Election 2012

Ohio says ‘no’ to international observers in polling places

Ohio says 'no' to international observers in polling places

COLUMBUS, Ohio — International observers may be in the United States on Election Day, but they will not be inside Ohio polling places, and the organization says it will honor state law.

Earlier this week, Ohio Secretary of State Jon Husted announced that international observers, affiliated with the United Nations, would not be allowed in Ohio polling centers, citing state laws that limit who is present in polling places on Election Day.

Other states, including Iowa and Texas, have also objected to the international observers. Iowa Secretary of State Matt Schultz said he welcomes the monitors to Iowa, but he warned against trying to “gain access” to Iowa polling sites on Election Day, according to Fox News. And, Texas Attorney General Greg Abbott, in a letter to the OSCE, threatened to prosecute any observer who breaks state law by getting too close to any polling site.  Read m

The Organization for Security and Co-Operation in Europe (OSCE) plans to have poll observers throughout the United States on Tuesday. The OSCE is based and meets in Vienna, Austria, and is considered a regional partner organization of the United Nations, pursuant to Chapter VIII of the U.N. Charter.

In an Oct. 9 statement, the organization said, “The limited election observation mission’s deployment follows an invitation from the authorities of the United States. As a participating State in the OSCE, the United States has committed itself to conducting elections in line with OSCE standards and inviting international election observers.”

The OSCE’s Office for Democratic Institutions and Human Rights has been involved in observing elections in the United States since 2002.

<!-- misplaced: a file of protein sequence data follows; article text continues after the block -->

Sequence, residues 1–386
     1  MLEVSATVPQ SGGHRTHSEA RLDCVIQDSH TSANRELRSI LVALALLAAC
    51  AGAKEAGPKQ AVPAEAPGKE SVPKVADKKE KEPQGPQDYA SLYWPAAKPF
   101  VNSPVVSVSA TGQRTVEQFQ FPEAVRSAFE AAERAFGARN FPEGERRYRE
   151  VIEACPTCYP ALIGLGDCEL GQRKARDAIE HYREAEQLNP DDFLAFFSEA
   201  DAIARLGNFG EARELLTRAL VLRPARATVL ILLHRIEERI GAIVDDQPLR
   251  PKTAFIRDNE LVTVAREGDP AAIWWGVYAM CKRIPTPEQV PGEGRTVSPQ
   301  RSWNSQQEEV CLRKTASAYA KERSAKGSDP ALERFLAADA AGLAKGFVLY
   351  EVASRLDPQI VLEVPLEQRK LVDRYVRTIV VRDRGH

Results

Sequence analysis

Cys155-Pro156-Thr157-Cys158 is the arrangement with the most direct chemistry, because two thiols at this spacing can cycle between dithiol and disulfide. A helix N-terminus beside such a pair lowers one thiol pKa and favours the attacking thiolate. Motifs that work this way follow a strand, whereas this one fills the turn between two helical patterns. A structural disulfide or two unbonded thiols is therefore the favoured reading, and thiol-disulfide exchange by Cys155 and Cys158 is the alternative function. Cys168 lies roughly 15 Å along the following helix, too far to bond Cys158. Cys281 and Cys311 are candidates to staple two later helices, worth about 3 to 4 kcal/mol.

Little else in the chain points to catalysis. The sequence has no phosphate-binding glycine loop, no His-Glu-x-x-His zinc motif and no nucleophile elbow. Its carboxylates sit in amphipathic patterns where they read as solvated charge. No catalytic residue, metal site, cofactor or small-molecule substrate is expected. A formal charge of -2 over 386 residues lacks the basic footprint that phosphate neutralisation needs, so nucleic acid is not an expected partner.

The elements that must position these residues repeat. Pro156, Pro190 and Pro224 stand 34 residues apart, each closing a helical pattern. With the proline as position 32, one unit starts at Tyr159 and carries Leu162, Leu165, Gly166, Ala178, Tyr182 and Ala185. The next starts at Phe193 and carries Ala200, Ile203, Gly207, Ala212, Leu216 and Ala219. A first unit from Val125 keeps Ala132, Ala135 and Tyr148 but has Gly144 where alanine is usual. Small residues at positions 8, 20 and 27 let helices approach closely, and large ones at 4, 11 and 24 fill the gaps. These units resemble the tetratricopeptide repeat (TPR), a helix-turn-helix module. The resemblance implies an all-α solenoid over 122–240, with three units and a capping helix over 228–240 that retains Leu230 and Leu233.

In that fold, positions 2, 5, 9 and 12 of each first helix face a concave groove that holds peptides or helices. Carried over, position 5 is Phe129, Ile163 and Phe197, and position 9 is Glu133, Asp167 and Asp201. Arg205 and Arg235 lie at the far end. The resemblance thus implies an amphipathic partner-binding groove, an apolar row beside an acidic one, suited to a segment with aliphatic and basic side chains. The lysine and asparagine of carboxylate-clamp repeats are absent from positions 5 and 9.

The office explains, “Observers will assess these elections for compliance with international obligations and standards for democratic elections, including the commitments agreed to by all the OSCE participating States, and with national legislation.”

In Ohio, Secretary of State Jon Husted issued an October 29 advisory explaining who is allowed in the polling place, stating:  “State law limits the individuals who are permitted to be present in a polling place on Election Day. Only an election official, an observer, a police officer, a person reviewing the 11 a.m. or 4 p.m. list of registered electors, a voter (including the voter’s children who are of non-voting age when accompanied by the voter), or a person assisting another person to vote shall be allowed to enter the polling place during the election.”

Furthermore, Husted clarified, “By not including international observers and others not specifically listed in state law, the Ohio General Assembly has prohibited their presence in a polling place on Election Day.”

Giovanna Maiola from the OSCE responded to our email questions, saying, “…United States citizens are regularly involved in OSCE missions to observe elections in other OSCE countries.

“If international observers are prevented by state law from entering or coming within a certain distance of polling stations, our observers will comply with the law, as they are required to do by the ODIHR code of conduct for election observers.

“…The lack of access to polling stations for international observers in some states is not in line with the United States’ international commitments, and we have noted this in past final reports issued by observation missions.”

Sara Marie Brenner is a freelance writer and blogger in Ohio and a member of the Powell, Ohio, City Council.

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